Los Angeles, CA (Vocus) July 29, 2010
As our payday loan states article we published earlier, back in June 21st, Illinois governor Pat. Quinn, signed State Law HB 537, which is a bill that supposedly closes a loop hole in that State's 2005 Payday Loan Act. That bill had passed the general assembly unanimously back in May. This law
This regulation also regulated payday loans in that State that imposes a 99 percent APR cap on the loans and all loans must be under $4000. As the result many payday lenders have downsized the business and some have even closed because that cap is simply not profitable for them.
Although 99 percent APR sounds like a high interest rate, but that is fundamentally wrong to apply APR which stands for Annual Percentage Rate, to a short term loan such as payday loan that is due in two weeks or less. Payday lenders usually look at their loans interest rates as fees just like as overdraft fee except that payday loans fees are much less than over draft fees.
According to payday lenders downsizing, the demand of small loans are on the rise in that State as the result the State is considering and weighting a "small loan bill" which enables banks and credit unions to provide the same type of short term loans with less fees and interest rates.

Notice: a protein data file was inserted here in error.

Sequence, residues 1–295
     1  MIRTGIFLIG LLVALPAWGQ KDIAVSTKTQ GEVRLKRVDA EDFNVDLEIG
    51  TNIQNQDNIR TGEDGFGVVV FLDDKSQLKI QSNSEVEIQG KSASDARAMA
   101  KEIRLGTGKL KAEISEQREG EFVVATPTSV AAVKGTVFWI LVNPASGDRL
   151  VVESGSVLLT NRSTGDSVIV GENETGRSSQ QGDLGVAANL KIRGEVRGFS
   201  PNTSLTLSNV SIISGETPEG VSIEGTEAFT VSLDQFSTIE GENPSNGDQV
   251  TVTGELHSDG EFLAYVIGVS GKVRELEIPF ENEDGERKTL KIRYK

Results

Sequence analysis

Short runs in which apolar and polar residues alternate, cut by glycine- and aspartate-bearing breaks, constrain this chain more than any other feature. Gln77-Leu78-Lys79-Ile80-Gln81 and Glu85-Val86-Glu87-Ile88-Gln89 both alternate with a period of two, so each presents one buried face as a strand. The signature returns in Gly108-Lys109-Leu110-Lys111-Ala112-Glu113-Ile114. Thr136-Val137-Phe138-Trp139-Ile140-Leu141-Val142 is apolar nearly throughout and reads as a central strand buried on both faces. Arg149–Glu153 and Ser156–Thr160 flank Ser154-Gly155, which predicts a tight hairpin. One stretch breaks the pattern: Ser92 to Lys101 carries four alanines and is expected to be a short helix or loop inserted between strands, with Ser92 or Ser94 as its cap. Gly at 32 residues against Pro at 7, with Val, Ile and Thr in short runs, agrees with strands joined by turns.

The way the bill seems to work is that State banks will be contributing funds to a "small loan pool" to State Assembly where from that loan pool, State will give loans directly to needy families with low fees and interest rates. Banks will get tax right off end of the year from the State and also will clear and improve their image with their people.
Many critics of this bill are worried that this will add more to State governments bureaucracy, which at the end could cost the State Tax payers. This story is developing so we make sure we keep you updated on this payday loan blog as it develops.